2) OpenMRS <> IMIS integration - There has been a national push for digitizing healthcare delivery systems in LMICs, particulalry in Nepal. With the support of Digital Square, and in collaboration with the Government of Nepal, we have successfully integrated an OpenMRS platform with OpenIMIS - we believe the first known integration globally - and have begun to already process claims through this system. We are currently at a stage to begin evaluating the effectiveness of this integration on the ability to track, monitor, and act upon claims processes as central to ensuring DFS is responsive to the needs of healthcare systems workers/managers. We hope this will help answers about how to make claims processing seamless for facilities, how to ensure compliance for reimbursement, provide opportunity for improved claim success rates (e.g., reducing duplicates and false records) at the source, and help guide the national insurance board on burden of disease and concomitant costs;

3) Assess technical refinements and HR needs. There are still unanswered questions about the pragmatics of implementing a nation-wide policy already underway. The insights we hope to generate will be widely applicable to other municipalities;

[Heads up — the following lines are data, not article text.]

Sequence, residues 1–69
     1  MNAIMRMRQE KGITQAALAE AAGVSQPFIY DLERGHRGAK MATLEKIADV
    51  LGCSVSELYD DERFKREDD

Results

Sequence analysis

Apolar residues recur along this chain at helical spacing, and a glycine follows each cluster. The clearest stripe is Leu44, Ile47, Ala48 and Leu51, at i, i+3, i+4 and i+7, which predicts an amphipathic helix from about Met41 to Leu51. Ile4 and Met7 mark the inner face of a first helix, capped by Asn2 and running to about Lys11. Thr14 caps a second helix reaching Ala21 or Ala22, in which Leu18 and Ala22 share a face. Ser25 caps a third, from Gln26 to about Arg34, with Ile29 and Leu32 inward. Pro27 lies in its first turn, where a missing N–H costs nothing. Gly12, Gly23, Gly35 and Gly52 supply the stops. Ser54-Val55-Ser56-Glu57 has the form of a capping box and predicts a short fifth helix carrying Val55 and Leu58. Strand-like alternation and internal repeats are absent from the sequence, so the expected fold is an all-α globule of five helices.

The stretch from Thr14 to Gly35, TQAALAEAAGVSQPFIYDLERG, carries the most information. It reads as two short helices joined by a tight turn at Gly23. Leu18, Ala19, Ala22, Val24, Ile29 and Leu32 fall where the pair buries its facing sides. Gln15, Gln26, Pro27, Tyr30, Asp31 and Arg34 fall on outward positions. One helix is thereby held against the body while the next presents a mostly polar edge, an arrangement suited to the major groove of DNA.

4) Produce actionable data. We hope to be able to estimate with greater geospatial and temporal resolution household medical debt, catastrophic healthcare expenditure, and thresholds of impoverishment; and visualize these data to examine and monitor trends in participation, reimbursement, and financial protection over time.

How will findings benefit the entire sector, rather than only this consortium? How will you genericize findings beyong Nepal context? 

Thank you, this is a great question! We hope that our work will be applicable to those working broadly in the global health space in a number of specialized areas, including (1) financial protection and UHC, (2) human resources for health, (3) innovative digital platforms and technical integrations, (4) data visualizations, and (5) measuring the patient experience of interacting with novel DFS solutions.

The OpenMRS <>  OpenIMIS integration we've implemented in Nepal is the first of its kind, and we hope to generate relevant lessons learned in integrating the two platforms. This inlcudes monitoring the impact of such an open-source integration to help understand and improve the effectiveness of claims processing; clearly understand and define the human and technical resources needed to efficiently utilize the integration, as well as visualize and act upon the data it provides in as near-to-real-time as possible; and elucidate the qualitative dimensions that drive or inhibit people from enrolling in newly legislated insurance schemes. As LMICs globally move towards mixed modalities of strategic purchasing of healthcare services, such as insurance, the lessons learned and evidence generated from our approach will hopefully be widely applicable both within Nepal, and globally in other similar settings.